Castle of Santa Eufemia

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23700, Linares

Cástulo was one of the principal Ibero-Roman cities on the Iberian Peninsula. Currently, it is one of the most important archaeological sites in Europe. It boasts innumerable heritage, including the castle of Santa Eufemia, one of the last signs of the significance of a city that disappeared forever in the late Middle Ages.



  • Mornings: 09:00 – 14:00
  • Afternoons: 15:30 – 18:30 (winter); 17:30 – 20:00 (summer).
  • Closed on Mondays.

When the Arabs arrived in Hisn Qastulona, only a few traces of the splendour of the booming Ibero-Roman city remained. Cástulo was no more than a dispersed group of houses built in the shelter of an old wall. Gradually, in the 11th-13th centuries, the enclave began to experience a rebirth due to its strategic position close to the river Guadalimar. That is when the castle of Santa Eufemia was built.

The remains of the castle stand on the far side of the broad plateau where the city of Cástulo once stood, in the southern area. The castle’s Moorish tower, built to control the roads and defend the settlement, stands out. Oddly enough, after conquering it, the Christians turned the four-storey farmhouse tower into the keep of a small castle. It was short-lived, because in the late Middle Ages the fortification, like the rest of the town, was abandoned and its ruins handed over as a quarry to erect new buildings in the flourishing nearby towns of Úbeda and Baeza. That was the end of the brilliant city of Cástulo, which disappeared permanently as an inhabited area, despite its past splendour.

The Archaeological Site.

Cástulo is currently one of the most important archaeological sites in Europe, of which much remains to be discovered. In fact, findings are constant. A magnificent mosaic called the “Cupid Mosaic” by its discoverers and was recently rated by the National Geographic as one of the most important discoveries of 2012. Dated between the late 1st century and early 2nd century, the mosaic was found by chance during a search for Cástulo’s forum. The forum remains to be found, but the research work brought to light new public areas that were of vital importance for the ancient city. The latest finding, in November 2013, is an impressive sculpture of an Ibero-Roman lion that flanked one of the gates to the city. In the opinion of the experts, it is the best preserved animal sculpture from that Ibero-Roman period.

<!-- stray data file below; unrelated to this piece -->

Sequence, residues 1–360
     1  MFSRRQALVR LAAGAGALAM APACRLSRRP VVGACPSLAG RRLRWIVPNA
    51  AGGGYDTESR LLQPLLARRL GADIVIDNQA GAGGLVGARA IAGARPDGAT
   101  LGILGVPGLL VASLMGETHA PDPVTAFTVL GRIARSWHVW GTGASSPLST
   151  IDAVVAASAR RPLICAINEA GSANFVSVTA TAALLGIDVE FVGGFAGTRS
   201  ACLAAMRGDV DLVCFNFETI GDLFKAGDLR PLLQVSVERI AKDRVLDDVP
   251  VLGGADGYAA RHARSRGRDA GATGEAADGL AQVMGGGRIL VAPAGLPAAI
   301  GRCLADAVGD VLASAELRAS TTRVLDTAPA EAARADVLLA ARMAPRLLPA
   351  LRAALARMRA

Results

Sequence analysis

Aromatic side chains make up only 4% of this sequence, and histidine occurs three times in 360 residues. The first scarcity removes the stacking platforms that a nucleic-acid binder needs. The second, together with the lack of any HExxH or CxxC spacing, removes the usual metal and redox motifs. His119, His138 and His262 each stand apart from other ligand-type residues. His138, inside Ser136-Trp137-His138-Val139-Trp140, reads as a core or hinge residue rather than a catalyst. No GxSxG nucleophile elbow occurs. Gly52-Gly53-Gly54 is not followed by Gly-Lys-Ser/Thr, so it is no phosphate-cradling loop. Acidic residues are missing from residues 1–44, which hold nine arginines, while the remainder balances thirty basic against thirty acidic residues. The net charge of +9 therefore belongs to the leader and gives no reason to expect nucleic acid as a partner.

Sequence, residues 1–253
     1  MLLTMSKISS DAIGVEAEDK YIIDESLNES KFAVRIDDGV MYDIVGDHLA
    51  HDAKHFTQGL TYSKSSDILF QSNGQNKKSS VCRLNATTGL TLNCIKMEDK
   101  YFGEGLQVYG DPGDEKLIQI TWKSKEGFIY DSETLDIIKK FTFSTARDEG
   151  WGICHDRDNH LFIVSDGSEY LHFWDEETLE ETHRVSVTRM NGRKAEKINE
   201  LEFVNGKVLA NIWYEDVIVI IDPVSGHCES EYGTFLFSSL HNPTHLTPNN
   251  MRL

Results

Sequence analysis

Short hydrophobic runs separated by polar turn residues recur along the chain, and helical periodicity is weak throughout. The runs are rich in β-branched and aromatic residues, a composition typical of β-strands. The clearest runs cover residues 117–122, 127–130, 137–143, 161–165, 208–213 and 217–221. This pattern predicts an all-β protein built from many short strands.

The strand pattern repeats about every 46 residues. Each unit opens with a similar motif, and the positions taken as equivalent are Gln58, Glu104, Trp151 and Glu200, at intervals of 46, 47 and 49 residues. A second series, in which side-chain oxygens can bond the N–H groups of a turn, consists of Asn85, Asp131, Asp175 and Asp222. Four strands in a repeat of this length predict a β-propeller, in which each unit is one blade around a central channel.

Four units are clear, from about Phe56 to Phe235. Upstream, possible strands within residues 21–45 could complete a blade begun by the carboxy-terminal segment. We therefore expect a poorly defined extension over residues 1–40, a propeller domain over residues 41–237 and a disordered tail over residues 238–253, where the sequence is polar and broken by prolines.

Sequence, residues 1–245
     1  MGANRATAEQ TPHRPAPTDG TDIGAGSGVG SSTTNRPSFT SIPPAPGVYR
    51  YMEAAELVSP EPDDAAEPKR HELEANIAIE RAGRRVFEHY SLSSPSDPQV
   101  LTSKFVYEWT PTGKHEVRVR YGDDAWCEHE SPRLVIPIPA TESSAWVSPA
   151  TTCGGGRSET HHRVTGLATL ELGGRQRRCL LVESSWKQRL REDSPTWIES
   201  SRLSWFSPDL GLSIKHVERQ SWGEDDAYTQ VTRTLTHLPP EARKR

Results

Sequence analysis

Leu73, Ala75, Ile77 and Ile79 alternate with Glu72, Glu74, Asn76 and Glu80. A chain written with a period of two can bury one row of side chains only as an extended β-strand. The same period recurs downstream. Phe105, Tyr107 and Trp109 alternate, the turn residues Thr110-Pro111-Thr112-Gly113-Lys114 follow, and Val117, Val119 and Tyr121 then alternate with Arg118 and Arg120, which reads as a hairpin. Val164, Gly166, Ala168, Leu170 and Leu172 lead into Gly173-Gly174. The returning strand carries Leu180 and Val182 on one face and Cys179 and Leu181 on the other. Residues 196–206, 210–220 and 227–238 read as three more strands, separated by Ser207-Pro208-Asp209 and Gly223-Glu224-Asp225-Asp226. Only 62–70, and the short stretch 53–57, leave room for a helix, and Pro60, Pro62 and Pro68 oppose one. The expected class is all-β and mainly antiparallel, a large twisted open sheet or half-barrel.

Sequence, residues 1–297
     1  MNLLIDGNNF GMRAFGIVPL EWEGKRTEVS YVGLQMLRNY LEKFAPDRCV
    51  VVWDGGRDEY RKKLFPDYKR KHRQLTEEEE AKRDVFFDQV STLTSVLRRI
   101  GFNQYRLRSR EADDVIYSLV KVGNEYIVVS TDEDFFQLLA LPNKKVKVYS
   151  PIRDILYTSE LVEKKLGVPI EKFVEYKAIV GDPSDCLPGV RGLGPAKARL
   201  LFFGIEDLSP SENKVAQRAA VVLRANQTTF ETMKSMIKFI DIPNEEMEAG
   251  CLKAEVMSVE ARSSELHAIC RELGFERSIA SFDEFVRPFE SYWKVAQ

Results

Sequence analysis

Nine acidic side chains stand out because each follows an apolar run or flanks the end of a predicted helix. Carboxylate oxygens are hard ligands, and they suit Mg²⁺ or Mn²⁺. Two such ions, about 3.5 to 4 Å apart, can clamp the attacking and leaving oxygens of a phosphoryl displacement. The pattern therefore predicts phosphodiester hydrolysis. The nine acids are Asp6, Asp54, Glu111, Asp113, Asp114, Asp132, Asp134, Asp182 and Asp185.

During the Iberian period, Cástulo was one of the oppidum – fortified cities – that flourished in Andalusia as a result of the mines in Sierra Morena. As the capital of Oretania, it even had its own currency. One of the best-known princesses in history, Imilce, married to the equally renowned Cartheginian general Hannibal, was born there. Years later, in the Roman period, Cástulo lost the status of a capital but it continued to be one of the most important cities in Hispania. Before its decline, Cástulo was even an Episcopal see with a representative in the Councils of Toledo during the Late Roman Empire.

A tour of the Archaeological Site, which boasts a modern Visitor Centre, provides an opportunity to learn more about these historical periods and discover some their important remains. The most attractive places for visitors are what is known as the Villa del Olivar (Olive Grove Villa), the Roman baths, the Cupid Mosaic, the necropolis, the north area of the walls and, of course, the ruins of the Arab castle. Those who are interested in finding out more about Cástulo’s past and what it meant for history may complete the tour of the archaeological site with a visit to the monographic museum in the city of Linares. It houses some of the household goods and most precious objects found among the city’s ruins: pottery, Iberian and Roman capitals, items from the grave goods found in the necropolis, objects for personal use, and even some items from the Visigoth period.

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